“Blow ye the trumpet in Zion and sound an alarm in my holy mountain: let all the inhabitants of the land tremble: for the day of the LORD cometh, for it is nigh at hand.” Joel 2:1
The defeat of the Turkish forces in 1917, by the British Expeditionary forces, brought the sound of the shofar back to Jerusalem. Its trumpeting blast had been forbidden by Ottomans for 400 years. The Turkish pashas had feared that its “voice” would signal a call by the Jews to overthrow their rule.
The Jews of the city once again were free to worship as they pleased. The “yoke of bondage” had been broken. This liberty, though, was not to last. Following the Arab riots of 1929, the British Mandate authorities acted swiftly to prohibit its use. Laws were enacted which forbade the blowing of the shofar near the Western Wall. The Arabs declared that such acts insulted Islam. The Mandatory government agreed and stipulated that the Moslems’ ownership rights to the Temple Mount also included the Western Wall. Therefore Jews were forbidden to blow a trumpet in Zion.
Jews who were bold enough to ignore this decree became subject to harsh penalties, ranging from three to eight months in prison, hard labor, fines, and beatings. British policemen were regularly stationed near the Wall so as to prevent such “criminal activities.” Their efforts, though, were in vain. Every year at the height of Jewish feasts, shofars were sounded at the Western Wall. At great risk, these “insulting” instruments were smuggled in. Sometimes two or three volunteers were appointed to “sound an alarm,” causing the authorities to wildly run after each perpetrator. Each illegal blast proclaimed religious freedom and fostered a sense of national unity, among the pioneering Jews.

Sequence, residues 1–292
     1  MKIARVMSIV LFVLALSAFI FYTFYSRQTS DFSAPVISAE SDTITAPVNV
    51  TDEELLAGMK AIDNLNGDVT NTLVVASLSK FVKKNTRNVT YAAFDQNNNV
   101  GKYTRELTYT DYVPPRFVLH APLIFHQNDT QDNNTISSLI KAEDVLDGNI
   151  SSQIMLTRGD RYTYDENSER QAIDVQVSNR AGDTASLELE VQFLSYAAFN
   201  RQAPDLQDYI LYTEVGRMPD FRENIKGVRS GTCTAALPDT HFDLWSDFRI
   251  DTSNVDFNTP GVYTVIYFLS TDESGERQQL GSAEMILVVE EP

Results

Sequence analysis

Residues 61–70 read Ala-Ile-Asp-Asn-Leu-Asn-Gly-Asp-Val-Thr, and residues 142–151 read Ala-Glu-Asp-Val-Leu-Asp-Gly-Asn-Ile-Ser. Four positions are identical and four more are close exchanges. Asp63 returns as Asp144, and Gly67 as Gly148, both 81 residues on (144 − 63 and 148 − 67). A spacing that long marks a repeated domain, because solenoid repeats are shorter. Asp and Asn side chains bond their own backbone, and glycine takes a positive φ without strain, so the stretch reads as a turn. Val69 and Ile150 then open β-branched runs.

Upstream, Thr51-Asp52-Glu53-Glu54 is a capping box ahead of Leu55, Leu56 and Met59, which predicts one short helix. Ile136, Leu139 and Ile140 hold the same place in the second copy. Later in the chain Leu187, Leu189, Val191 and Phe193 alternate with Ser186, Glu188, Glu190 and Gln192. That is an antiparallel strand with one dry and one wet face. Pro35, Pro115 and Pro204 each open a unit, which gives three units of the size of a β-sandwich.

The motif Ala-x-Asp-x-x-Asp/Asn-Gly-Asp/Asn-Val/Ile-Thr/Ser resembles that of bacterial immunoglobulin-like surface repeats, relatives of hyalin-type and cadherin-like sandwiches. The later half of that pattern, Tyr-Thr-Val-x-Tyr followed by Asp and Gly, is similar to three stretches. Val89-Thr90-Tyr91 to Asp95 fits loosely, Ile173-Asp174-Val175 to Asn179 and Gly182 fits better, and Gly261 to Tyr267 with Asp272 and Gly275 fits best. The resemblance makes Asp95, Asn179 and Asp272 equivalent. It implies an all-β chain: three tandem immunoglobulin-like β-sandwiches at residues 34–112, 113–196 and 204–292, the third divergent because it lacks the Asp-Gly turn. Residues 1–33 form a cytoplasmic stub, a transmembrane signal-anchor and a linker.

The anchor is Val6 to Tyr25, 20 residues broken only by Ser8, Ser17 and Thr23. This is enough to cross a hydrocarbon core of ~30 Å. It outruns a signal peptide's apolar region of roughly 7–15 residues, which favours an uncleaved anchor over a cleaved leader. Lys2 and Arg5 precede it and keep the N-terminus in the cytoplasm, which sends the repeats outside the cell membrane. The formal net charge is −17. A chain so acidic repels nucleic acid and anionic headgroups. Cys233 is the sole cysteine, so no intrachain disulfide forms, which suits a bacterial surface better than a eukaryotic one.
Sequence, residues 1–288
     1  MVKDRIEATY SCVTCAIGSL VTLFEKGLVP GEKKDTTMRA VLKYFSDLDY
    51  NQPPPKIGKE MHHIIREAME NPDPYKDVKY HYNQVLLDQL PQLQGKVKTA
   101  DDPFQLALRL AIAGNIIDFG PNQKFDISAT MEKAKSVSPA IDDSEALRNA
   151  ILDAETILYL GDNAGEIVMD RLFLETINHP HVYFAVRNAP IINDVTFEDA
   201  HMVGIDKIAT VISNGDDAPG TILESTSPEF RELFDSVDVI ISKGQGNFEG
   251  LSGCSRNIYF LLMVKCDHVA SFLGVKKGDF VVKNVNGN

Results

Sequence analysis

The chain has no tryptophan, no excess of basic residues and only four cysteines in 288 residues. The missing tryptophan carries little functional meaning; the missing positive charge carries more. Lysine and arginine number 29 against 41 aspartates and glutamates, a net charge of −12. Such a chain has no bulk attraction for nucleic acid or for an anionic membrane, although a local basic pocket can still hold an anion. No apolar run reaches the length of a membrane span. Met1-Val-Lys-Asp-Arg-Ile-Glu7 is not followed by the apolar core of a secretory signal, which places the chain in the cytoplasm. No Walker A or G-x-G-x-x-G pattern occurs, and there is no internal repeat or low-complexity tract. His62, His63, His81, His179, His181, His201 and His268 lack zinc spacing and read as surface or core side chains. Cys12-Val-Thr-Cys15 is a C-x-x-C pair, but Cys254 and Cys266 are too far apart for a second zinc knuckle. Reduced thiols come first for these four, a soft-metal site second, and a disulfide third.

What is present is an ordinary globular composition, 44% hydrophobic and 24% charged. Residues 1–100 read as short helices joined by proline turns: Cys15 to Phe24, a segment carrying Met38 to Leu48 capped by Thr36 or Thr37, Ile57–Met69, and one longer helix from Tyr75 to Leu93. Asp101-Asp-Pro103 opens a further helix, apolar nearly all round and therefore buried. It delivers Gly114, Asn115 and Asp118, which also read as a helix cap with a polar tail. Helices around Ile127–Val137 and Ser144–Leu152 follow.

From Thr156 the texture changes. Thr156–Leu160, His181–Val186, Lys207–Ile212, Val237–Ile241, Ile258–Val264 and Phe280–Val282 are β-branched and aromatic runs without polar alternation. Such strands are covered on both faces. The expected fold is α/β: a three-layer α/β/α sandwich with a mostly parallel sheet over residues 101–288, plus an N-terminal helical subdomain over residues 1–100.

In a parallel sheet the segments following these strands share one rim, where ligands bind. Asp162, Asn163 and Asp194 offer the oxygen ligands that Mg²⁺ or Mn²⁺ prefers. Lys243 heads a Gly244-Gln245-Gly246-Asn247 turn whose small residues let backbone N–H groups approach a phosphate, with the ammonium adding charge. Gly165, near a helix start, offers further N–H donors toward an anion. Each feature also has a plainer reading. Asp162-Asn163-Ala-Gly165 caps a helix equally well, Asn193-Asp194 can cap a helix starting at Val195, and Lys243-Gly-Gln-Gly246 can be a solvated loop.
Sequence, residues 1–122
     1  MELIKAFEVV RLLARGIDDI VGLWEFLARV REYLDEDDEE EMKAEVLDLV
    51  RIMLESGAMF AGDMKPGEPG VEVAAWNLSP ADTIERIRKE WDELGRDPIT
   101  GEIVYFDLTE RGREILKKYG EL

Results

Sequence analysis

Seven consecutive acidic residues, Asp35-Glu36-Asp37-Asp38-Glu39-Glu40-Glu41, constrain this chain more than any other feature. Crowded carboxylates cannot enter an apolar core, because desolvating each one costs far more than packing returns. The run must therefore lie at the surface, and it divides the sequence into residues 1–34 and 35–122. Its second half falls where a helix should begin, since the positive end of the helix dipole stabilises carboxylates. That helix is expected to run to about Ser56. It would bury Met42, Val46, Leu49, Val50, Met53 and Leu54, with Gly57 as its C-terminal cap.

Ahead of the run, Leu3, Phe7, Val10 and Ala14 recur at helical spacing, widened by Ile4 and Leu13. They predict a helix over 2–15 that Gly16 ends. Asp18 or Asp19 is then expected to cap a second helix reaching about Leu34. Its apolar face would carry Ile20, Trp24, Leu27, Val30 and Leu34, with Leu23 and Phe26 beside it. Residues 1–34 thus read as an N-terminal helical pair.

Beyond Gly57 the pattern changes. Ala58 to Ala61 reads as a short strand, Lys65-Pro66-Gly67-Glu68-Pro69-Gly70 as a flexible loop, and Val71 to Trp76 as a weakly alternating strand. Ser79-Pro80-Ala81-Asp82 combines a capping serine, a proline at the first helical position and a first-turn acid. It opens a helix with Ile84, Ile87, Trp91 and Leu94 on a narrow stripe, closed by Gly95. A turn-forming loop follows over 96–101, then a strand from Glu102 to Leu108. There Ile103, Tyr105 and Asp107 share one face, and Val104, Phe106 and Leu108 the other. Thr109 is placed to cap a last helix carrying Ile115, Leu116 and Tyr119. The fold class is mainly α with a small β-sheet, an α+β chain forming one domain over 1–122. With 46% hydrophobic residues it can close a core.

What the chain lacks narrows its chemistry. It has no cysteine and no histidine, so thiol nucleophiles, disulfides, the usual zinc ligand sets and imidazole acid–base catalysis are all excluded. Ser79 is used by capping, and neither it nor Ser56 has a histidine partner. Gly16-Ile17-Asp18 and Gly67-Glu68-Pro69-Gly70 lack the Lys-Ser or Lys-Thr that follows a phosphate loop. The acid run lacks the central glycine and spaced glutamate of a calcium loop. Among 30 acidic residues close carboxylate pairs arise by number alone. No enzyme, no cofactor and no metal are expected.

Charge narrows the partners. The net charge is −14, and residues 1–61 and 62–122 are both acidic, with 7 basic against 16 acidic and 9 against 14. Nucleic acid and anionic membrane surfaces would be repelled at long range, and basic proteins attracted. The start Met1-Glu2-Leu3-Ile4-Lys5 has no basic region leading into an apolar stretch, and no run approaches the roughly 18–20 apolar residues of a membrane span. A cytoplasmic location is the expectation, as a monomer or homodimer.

Moshe Segal, a young rabbi in 1931, was the first of these “volunteers.” He was determined to blow the shofar, regardless of the consequences. Thus at the appropriate hour, he walked over to a prayer stand and removed the instrument from a drawer where it had been hidden away. Quickly before the eyes of the authorities could see him, he secreted it within the folds of his tallit.
Then at nightfall, when the Yom Kippur fast was ending, and hearing the closing prayers proclaiming “Hear O Israel,” “Blessed be the name,” and “The Lord is God,” Moshe took the shofar and blew a long, resounding blast. He was promptly arrested and sent off to the “Kishleh” or the prison inside the Old City.
Years later, Rabbi Segal summed up these acts. He declared:
The British well understood the significance of this blast; they knew that it would ultimately demolish their reign over our land just as the walls of Jericho crumbled before the shofar of Joshua, and they did everything in their power to prevent it. But every Yom Kippur, the shofar was sounded by men who knew they would be arrested for their part in staking our claim on the holiest of our possessions.*
The Sound of Victory
Then in 1948, once again the area around Judaism’s holiest site grew silent. Jordanian forces had seized control of the Old City. Under the re-instituted rule of Islam, the sounding of the shofar was forbidden. This exclusion lasted for 19 years until the Old City and the Temple Mount was liberated by Israel on June 7th, 1967. Perhaps one of the most famous photographs of that victory was a picture of Rabbi Shlomo Goren, the chief Rabbi of the Israeli Defense Forces, blowing a shofar as he reached the Wall.